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Taking a whole-of-community approach

 

While many LDAT projects are targeting a specific group in their local community (for example, youth) the complexity of ‘solving’ social problems means that a collective approach will be required to deal with them.

Complex or ‘wicked’ social problems have multiple layers of interested stakeholders, and therefore require the involvement of organisations and individuals across multiple sectors to be successful.

For this reason, it’s important that organisations and individuals working to reduce AOD harms build on the various programs and initiatives already operating in their locality to ensure effective change. This means where a broader community action plan (CAP) already exists, it’s preferable for your LDAT Action Plan to build on this – and to be explicit as to how these will fit together.

In short, choosing the make-up of the team to collaborate on your project will depend on your community’s needs (i.e. the identified target population), but should also be influenced by the variety of organisations that ‘work with’ or influence this group.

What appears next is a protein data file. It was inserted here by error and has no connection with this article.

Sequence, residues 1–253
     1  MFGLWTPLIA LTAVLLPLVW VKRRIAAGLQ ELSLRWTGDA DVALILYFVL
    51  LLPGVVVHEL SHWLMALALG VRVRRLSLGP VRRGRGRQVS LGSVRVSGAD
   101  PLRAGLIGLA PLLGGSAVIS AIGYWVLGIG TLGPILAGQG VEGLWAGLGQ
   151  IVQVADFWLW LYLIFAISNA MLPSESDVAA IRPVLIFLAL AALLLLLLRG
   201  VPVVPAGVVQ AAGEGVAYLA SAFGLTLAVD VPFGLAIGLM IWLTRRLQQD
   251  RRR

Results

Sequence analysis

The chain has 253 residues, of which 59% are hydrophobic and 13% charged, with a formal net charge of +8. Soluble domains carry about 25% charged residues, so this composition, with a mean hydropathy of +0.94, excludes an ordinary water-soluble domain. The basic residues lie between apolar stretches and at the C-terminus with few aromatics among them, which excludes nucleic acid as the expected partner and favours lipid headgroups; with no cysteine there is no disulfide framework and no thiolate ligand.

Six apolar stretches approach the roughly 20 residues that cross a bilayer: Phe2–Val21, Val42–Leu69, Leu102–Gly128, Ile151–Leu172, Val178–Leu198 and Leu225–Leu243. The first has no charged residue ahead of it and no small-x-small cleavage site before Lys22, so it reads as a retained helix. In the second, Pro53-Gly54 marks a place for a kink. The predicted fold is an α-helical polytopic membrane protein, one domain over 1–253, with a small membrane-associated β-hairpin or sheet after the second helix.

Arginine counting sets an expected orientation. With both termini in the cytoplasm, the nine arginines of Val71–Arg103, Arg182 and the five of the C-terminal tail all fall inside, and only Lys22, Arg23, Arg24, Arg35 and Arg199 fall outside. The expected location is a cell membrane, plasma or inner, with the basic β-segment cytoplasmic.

From there, a good strategy is to focus on the risk and protective factors that you’ve identified for your target group. This will provide further guidance on the appropriate setting for your program.

We’ve collated a number of inspirational examples of primary prevention programs from around the world to help LDATs develop their own plans. Some of these could be taken pretty much ‘off-the-shelf’; other examples are designed to help LDATs think laterally about  the problems in their community, and how they might develop new ways to tackle AOD harms.

We’re updating these case studies regularly, so keep checking back for new program ideas.